Close to this plaque is a much larger and much more informative one mentioning the Salford MP's concern for the abolition of child labour, better education, health and nutrition. He established the first vegetarian soup kitchens and was the founder of the Vegetarian Society in 1847. Some of these things (and a few others) I mention in my blog post on Brotherton's memorial in Weaste Cemetery linked below.
The statue, appropriately, is on the Salford side of the River Irwell. Directly opposite it on the Manchester side is its former site in Albert Bridge Gardens. Originally it was in Peel Park in Salford, by was taken down in the 1950s to make way for a college, then bought by the owner of Gawthorn Hall in Cheshire in the late 1960s and then bought back by Manchester City Council. Perhaps the Brotherton statue has now found a permanent home.
'THE OLD WELLINGTON The Old Wellington existed in 1552, when Edward VI was on the throne, in what was then the Market Place and Shambles. It is now the oldest building in Manchester. In 1554 it was purchased by the Byrom family and was part residence and part drapers shop. The third storey was added in the mid 17th century. In 1691 John Byrom who developed phonetic shorthand was born here. The building was licensed in 1830 and known as 'The Vintners Arms' and later as 'Kenyons Vaults'. By 1865 the ground floor was known as 'the Wellingont Inn' whilst the upper floors served as 'Mathematical and Optical Maker'. The familiar large lantern already existed on the corner of the building. In 1897 the upper two storeys became 'Ye Olde Fyshing Tackle Shoppe' and a large clock was added to the main gable. In 1974 a concrete raft was cast under the building and the whole structure raised 1.5 metres as part of the Arndale Centre development.
A terrorist bomb caused considerable damage to The Old Wellington and the Arndale Centre in 1996. After restoration completed in February 1997, the city centre rebuilding plan involved moving The Old Wellington some 300 metres towards the Cathedral. Over a period of more than two years the building was dismantled timber by timber and re-erected in its new home, where it reopened in November 1999.'
Most sources give John Byrom's birth as 1692, and give his place of birth as Kersal Cell in Broughton, Salford. He was also a notable poet, although he is probably best remembered for coining the expression 'Tweedle-dum and Tweedle-dee' in relation to an argument concerning Handel and Bononcini: this was of course popularised as two identical characters in Lewis Carroll's Through the Looking-Glass (1871). Byrom died in 1763, spending his later years in Stockport.
'CHARLOTTE BRONTË (1816–1855) In 1846 The Revd. Patrick Brontë came to Manchester for a cataract operation accompanied by his daughter Charlotte. They took lodgings at 59 Boundary Street West (formerly known as 83 Mount Pleasant). It was here that Charlotte began to write her first successful novel Jane Eyre.'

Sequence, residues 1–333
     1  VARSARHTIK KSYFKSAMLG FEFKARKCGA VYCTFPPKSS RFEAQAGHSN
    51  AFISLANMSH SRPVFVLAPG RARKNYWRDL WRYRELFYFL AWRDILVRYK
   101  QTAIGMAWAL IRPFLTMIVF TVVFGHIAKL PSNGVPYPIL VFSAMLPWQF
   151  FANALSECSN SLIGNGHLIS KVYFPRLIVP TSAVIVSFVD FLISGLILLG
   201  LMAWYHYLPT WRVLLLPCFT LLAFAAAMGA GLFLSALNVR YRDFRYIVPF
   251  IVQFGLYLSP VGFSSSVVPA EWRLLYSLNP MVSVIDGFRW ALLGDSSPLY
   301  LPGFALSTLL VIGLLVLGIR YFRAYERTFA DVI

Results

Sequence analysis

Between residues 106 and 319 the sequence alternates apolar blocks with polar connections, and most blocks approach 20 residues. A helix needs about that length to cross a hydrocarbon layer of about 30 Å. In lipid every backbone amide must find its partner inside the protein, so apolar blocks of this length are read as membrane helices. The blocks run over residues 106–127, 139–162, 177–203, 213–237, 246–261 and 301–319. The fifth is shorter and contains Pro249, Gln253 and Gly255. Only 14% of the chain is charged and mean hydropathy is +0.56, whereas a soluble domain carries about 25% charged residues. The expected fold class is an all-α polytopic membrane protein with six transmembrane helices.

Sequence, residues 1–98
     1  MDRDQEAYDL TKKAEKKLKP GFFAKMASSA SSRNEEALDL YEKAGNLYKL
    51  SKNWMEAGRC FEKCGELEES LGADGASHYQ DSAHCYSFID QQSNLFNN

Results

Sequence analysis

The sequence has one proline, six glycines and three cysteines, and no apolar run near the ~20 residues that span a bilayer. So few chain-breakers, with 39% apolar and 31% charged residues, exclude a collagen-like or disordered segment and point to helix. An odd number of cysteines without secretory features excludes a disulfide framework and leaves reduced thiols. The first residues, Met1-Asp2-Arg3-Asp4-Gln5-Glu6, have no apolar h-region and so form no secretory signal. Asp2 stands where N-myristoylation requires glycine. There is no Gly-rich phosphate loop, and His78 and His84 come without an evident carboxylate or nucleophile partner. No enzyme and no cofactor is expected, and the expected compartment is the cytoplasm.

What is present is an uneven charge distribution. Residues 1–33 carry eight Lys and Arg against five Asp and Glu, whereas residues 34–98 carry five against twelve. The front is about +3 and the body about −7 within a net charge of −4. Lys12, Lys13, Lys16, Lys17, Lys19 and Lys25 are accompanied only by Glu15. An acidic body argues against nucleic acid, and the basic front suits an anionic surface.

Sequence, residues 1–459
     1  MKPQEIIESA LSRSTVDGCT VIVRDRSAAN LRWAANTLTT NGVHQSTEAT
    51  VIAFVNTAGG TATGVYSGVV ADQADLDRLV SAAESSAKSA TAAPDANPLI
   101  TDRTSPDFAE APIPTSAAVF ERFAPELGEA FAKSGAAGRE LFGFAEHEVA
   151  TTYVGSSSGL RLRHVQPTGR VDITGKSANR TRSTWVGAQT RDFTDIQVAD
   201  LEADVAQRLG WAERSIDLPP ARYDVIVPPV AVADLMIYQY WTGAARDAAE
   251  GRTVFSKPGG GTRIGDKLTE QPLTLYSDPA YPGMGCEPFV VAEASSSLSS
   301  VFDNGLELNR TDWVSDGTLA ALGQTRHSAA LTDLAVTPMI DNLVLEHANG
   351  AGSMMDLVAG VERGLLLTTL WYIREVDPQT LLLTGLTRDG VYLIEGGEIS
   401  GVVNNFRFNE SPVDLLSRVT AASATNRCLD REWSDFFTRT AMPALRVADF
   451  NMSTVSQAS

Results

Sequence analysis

This plaque is on the Salutation pub in Higher Chatham Street in the Oxford Road area of central Manchester, although the pub would certainly not have existed at the time that Brontë stayed there.
Le Confident (translated as The Confidant) is Hélène Grémillon's first novel and took her four years to finish. It concerns love and hate, lies and truth(s), fertility and (assumed) infertility, change and constancy, suicide and survival, desire and jealousy, all largely set against a backcloth of the lead up to – and then the reality of – the Second World War.
I used the word 'largely' in the sentence above because the novel begins in 1975 but has very long flashbacks to the war years. This is done in what could be called an epistolary format, although the letters are frequently so long that this doesn't read at all like a conventional epistolary novel.
Le Confident is thickly plotted with four voices, although two of these are in effect ventriloquized by one of those four. Camille lives in 1975 and her voice has a non-serif typeface, whereas while Louis physically exists in the same year he is particularly mentally preoccupied with the years between 1939 and 1943 and his voice is indicated by a serif typeface. Louis – in the same typeface – repeats two long sections using what he remembers of the words of his dead lover Annie. Finally – also in the same typeface – there is the long uninterrupted voice of Camille's dead mother as repeated through Louis again.
Camille's sections are short and mainly appear in the earlier parts of the novel, although they bookend the other voices.
Camille's mother has just died and among the letters of condolence is a long narrative written (he just mentions in passing) by someone called Louis. Louis continues to send passages of his story to Camille, who initially thinks he must be doing so in error. Eventually, though, she comes to realise that Louis is in fact writing about her mother's life, of someone she didn't even know was her mother. And that Camille's biological mother Annie became pregnant by the husband of 'Madame M.' (actually Elisabeth), her 'adopted' mother.